The Making of Modulin: Synth App Built by 15-year-old Grant Emerson using AudioKit


Modulin is a cool synth app built with AudioKit.

There’s an amazing twist.

Developer Grant Emerson made this awesome app before he was old enough to drive.

How did he do it?

He shared his inspiring story. Discover the making of Modulin …

From Grant:

Modulin was built out of my combined love for music and programming. I had about two years of experience doing iOS app development. Plus, four years experience playing electric and upright bass.

One day while looking up different bass guitars on the internet, I came across the Korg Volca Bass. I was immediately intrigued by it. This was where my synthesis journey began. I started looking up videos about modular synths and Moogs in my spare time, trying to figure out how simple modifications to electric signals could make music. One day I came across this video:

It was the most captivating and acoustically realistic sound I had ever heard a synthesizer produce. Luckily, I found a video where Wintergatan explained how the Modulin worked. Something about the way he explained it made everything suddenly click and make sense for the first time.

Creating custom interface controls with PaintCode

After watching those videos, I knew I had to make a Modulin for myself. The only problem was my lack of funds and the fact that each module on the Modulin cost at least $100. This was where the idea to create a Modulin iOS app started. I had no idea where to start, as this was by far the most complex project I had ever undertaken.

The first task was to create an app that just made a sound. It didn’t matter what it sounded like, I just wanted to hear something.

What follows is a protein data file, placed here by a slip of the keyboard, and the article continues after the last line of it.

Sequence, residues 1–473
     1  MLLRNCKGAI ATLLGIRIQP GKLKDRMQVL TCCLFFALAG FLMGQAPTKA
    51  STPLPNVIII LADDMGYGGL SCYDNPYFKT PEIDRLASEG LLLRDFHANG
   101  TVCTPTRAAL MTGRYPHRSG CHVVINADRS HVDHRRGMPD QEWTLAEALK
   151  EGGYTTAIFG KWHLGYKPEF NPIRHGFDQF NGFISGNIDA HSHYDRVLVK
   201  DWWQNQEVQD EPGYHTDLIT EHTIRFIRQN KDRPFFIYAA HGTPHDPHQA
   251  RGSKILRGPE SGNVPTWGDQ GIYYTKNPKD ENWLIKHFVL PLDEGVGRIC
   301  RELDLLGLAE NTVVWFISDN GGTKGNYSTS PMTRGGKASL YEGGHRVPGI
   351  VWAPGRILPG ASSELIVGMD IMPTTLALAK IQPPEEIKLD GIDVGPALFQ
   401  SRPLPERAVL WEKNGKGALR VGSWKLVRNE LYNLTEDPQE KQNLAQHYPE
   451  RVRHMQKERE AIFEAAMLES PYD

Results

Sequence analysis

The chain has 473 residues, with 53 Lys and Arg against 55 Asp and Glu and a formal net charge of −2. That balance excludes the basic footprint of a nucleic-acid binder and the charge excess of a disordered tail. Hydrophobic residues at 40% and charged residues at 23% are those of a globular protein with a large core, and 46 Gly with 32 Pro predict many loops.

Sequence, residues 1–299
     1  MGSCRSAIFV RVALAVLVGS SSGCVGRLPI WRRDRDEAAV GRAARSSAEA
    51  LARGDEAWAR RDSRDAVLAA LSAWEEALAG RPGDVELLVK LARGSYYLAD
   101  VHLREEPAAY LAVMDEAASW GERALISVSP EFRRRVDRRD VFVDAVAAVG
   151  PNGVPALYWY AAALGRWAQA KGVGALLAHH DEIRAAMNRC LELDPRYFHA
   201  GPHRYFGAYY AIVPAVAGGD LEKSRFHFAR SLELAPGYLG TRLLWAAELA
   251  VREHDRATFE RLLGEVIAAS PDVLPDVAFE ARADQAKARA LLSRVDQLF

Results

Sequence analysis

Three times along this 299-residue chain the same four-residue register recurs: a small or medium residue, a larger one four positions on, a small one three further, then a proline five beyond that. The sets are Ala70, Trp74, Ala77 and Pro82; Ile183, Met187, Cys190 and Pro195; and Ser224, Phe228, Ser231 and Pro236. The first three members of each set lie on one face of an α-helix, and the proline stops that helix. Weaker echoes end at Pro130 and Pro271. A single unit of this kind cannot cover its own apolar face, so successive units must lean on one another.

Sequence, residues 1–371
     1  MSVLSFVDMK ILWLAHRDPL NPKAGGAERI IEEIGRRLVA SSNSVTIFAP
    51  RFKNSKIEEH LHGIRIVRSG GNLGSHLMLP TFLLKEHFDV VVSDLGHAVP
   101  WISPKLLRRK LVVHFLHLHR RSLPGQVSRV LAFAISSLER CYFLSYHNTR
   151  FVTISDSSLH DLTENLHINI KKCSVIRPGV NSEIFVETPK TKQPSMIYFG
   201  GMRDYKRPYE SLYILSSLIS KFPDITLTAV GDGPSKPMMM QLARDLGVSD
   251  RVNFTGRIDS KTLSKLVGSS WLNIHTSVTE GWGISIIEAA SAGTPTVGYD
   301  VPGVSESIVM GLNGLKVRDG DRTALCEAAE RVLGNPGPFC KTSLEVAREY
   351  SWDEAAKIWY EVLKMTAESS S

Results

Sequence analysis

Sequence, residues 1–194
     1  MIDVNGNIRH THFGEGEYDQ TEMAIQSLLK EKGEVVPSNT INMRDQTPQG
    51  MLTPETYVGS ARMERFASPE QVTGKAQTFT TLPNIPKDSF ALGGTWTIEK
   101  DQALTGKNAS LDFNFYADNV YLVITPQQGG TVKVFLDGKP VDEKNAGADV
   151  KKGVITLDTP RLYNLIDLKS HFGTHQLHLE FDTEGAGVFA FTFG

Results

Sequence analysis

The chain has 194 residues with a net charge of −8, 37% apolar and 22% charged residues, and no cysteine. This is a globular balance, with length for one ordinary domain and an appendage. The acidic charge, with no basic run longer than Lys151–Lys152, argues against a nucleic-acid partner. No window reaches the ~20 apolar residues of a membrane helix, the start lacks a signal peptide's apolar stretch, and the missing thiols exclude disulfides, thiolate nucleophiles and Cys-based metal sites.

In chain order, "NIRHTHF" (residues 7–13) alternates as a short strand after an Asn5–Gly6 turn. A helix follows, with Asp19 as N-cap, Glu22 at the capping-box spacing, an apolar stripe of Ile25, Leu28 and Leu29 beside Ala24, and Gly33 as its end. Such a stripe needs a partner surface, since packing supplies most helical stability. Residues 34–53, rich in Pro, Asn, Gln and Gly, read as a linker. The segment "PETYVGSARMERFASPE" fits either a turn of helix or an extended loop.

While researching the best way to synthesize sounds on iOS, I came across AudioKit. AudioKit was a familiar name, as it was the framework I had used in the past to create a multi-track recording app called MultiMic. The number one thing AudioKit offered while I was prototyping out Modulin was the catalog of playgrounds with documentation that explained in detail how DSP worked in code.

“The goal of Modulin is to be a personal and exciting way for any individual to learn about synthesis and utilize it in the production of their own music.”

While learning how to create synthesizers with AudioKit, I also started drawing out the flow of CV throughout a Modulin. I spent hours flipping frame by frame through Wintergatan’s videos making sure I drew all the wires and modules exactly how they appeared in the video.

After all the technical planning was complete, the final step was to draw out some designs. I believe design is one of the most unique aspects of Modulin. Unlike most apps, Modulin ditches the on-screen keyboard for a much different approach. A custom UI of dotted, stretchy strings make the Modulin interface inviting to users of all levels of expertise.

“AudioKit not only revolutionized the way developers create musical applications, it also set the standard for what an open source community should look like. Without the help and insight of fellow developers, Modulin would not be the app that is today.”

After planning was complete, I started the daunting task of programming it all out. Although there were bugs and new concepts to learn along the way, I never had the desire to quit. There’s something about building an app that you actually want for yourself that motivates you to push past all the setbacks and obstacles.

Great job, Grant!

Get Modulin now on iTunes:

Learn more and get the full future list at the Modulin webpage.

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